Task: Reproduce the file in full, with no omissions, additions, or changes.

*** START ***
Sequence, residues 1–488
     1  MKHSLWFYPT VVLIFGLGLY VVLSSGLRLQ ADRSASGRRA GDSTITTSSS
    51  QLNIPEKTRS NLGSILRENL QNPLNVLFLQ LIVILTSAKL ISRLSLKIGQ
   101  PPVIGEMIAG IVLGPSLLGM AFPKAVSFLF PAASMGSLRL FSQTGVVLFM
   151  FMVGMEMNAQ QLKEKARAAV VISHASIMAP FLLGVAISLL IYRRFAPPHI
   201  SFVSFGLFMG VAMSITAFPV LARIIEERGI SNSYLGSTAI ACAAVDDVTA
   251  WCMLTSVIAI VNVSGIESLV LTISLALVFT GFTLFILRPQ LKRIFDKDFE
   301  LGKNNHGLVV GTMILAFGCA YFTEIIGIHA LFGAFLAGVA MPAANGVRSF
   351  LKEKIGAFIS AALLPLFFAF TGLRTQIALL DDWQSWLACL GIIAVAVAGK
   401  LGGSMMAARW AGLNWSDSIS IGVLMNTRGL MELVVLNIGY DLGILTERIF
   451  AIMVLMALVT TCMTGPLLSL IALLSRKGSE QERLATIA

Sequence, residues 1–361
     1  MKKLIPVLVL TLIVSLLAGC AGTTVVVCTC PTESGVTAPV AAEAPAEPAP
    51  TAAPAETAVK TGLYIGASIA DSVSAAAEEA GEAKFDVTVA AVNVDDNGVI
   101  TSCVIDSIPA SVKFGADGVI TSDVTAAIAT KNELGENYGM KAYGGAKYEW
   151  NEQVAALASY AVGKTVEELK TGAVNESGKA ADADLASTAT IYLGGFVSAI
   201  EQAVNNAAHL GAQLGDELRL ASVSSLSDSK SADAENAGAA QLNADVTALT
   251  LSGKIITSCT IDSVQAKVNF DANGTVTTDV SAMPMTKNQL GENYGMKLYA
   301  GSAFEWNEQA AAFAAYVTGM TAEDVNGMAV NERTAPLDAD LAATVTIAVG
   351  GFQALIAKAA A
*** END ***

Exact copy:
Sequence, residues 1–488
     1  MKHSLWFYPT VVLIFGLGLY VVLSSGLRLQ ADRSASGRRA GDSTITTSSS
    51  QLNIPEKTRS NLGSILRENL QNPLNVLFLQ LIVILTSAKL ISRLSLKIGQ
   101  PPVIGEMIAG IVLGPSLLGM AFPKAVSFLF PAASMGSLRL FSQTGVVLFM
   151  FMVGMEMNAQ QLKEKARAAV VISHASIMAP FLLGVAISLL IYRRFAPPHI
   201  SFVSFGLFMG VAMSITAFPV LARIIEERGI SNSYLGSTAI ACAAVDDVTA
   251  WCMLTSVIAI VNVSGIESLV LTISLALVFT GFTLFILRPQ LKRIFDKDFE
   301  LGKNNHGLVV GTMILAFGCA YFTEIIGIHA LFGAFLAGVA MPAANGVRSF
   351  LKEKIGAFIS AALLPLFFAF TGLRTQIALL DDWQSWLACL GIIAVAVAGK
   401  LGGSMMAARW AGLNWSDSIS IGVLMNTRGL MELVVLNIGY DLGILTERIF
   451  AIMVLMALVT TCMTGPLLSL IALLSRKGSE QERLATIA

Sequence, residues 1–361
     1  MKKLIPVLVL TLIVSLLAGC AGTTVVVCTC PTESGVTAPV AAEAPAEPAP
    51  TAAPAETAVK TGLYIGASIA DSVSAAAEEA GEAKFDVTVA AVNVDDNGVI
   101  TSCVIDSIPA SVKFGADGVI TSDVTAAIAT KNELGENYGM KAYGGAKYEW
   151  NEQVAALASY AVGKTVEELK TGAVNESGKA ADADLASTAT IYLGGFVSAI
   201  EQAVNNAAHL GAQLGDELRL ASVSSLSDSK SADAENAGAA QLNADVTALT
   251  LSGKIITSCT IDSVQAKVNF DANGTVTTDV SAMPMTKNQL GENYGMKLYA
   301  GSAFEWNEQA AAFAAYVTGM TAEDVNGMAV NERTAPLDAD LAATVTIAVG
   351  GFQALIAKAA A